As the current Ebola virus outbreak reaches record numbers in West Africa, Australia is developing guidelines and protocols for dealing with suspected cases. We ask two important questions. Could a centralised approach to this process improve our response? And, would not the best preparation for Australia and other developed countries be to provide both resources and expertise to affected countries, applying the principle of enlightened self-interest? There has been significant experience in dealing with outbreaks of Ebola virus since the initial description of the virus and the first two outbreaks in 1976, although several features of the current outbreak are unusual. Prior to this outbreak, 2,387 cases had been reported in 28 separate outbreaks, with a case fatality risk (CFR) of 66.7 .1. Of the five species of Ebola virus, three (Zaire, Sudan and Bundibugyo) have been associated with significant human to human transmission, with the other two (Tai Forest and Reston) associated with limited or no human disease. The current outbreak has been caused by a new emergence of the Zaire species.2 Several factors have contributed to this outbreak being the largest described. By early September 2014, cases had been reported in multiple regions in five countries and for the first time involved large urban centres. Even before the dramatic spread of late August and early September, the World Health Organization (WHO) had designated this outbreak as a public health emergency of international concern.3 This designation has been used twice previously for the 2009 influenza H1N1 (Swine Flu) pandemic and the 2014 resurgence of polio. It has legal implications, invoking measures for disease prevention, surveillance, control and response under the 2005 International Health Regulations.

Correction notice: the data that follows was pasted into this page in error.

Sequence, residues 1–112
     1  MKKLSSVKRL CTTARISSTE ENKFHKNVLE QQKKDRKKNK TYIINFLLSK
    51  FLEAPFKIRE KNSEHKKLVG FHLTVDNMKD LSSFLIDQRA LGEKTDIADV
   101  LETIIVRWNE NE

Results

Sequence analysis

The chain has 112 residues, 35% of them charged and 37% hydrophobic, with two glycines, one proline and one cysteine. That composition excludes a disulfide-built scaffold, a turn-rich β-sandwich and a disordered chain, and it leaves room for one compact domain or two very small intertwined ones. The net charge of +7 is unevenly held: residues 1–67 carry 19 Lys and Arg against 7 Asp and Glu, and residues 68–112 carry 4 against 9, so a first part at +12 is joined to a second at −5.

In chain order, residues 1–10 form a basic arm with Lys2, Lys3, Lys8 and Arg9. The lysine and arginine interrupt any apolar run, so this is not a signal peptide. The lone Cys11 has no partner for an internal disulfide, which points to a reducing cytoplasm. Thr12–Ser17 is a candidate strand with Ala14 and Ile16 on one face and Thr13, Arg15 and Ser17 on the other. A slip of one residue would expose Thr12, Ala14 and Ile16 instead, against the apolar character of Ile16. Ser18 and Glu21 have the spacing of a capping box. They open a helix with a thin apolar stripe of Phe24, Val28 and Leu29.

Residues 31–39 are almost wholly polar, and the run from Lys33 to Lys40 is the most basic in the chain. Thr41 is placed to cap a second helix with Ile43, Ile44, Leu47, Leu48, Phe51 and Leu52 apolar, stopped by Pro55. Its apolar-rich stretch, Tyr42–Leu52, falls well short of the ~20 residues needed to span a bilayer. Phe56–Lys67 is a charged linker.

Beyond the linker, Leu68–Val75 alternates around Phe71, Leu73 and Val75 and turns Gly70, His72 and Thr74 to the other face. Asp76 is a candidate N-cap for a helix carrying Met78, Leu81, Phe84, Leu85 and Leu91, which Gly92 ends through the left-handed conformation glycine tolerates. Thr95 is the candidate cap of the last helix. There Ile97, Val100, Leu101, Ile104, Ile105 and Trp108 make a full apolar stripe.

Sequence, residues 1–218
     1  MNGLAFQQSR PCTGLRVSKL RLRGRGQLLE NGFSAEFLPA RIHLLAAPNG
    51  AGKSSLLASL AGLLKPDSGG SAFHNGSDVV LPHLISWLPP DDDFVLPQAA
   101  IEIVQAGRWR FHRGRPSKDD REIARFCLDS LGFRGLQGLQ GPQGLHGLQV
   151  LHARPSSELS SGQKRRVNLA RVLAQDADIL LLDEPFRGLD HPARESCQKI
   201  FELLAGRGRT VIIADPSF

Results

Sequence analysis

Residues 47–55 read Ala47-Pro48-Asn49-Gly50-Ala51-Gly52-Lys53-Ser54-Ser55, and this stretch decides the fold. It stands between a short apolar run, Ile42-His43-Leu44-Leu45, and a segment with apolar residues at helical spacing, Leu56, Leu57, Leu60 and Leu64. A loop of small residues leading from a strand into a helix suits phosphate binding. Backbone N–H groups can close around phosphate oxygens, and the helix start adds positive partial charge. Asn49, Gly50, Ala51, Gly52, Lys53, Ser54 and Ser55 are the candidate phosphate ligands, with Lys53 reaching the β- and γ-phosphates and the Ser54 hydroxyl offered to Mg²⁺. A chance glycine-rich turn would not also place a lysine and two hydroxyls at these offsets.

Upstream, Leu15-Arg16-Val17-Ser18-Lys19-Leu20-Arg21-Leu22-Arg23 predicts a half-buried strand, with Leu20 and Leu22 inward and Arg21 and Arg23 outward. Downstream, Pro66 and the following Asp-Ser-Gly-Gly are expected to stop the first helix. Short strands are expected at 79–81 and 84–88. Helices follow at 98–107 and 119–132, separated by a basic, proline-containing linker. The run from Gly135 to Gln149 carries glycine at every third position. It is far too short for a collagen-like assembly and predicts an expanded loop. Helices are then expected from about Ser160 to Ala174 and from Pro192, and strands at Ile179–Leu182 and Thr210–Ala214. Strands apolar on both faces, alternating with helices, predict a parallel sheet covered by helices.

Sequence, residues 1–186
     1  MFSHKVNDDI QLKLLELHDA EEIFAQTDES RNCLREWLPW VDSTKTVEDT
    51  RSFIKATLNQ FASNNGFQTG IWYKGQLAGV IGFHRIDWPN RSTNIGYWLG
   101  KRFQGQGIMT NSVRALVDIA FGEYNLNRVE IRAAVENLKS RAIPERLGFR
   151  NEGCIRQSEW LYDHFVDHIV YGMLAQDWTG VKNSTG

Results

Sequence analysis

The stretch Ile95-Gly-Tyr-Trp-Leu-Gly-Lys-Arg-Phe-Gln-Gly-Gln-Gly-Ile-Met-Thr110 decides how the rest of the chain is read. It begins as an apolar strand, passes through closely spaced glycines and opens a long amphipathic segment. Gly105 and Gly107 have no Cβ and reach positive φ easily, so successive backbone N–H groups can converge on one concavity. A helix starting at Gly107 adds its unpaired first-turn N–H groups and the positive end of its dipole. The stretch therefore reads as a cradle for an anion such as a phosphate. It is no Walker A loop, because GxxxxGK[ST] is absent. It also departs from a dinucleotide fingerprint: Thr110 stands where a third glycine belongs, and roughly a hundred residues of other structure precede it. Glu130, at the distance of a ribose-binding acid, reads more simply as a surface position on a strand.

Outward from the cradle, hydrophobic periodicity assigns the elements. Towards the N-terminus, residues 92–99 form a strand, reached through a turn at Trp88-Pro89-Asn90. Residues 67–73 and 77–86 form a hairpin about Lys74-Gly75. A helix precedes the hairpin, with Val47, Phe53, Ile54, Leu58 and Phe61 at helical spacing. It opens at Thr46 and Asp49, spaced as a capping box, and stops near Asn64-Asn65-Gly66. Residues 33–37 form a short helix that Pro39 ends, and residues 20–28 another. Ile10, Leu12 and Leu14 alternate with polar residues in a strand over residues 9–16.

|Pages (from-to)||403 - 404|
|Number of pages||2|
|Journal||Australian and New Zealand Journal of Public Health|
|Publication status||Published - 2014|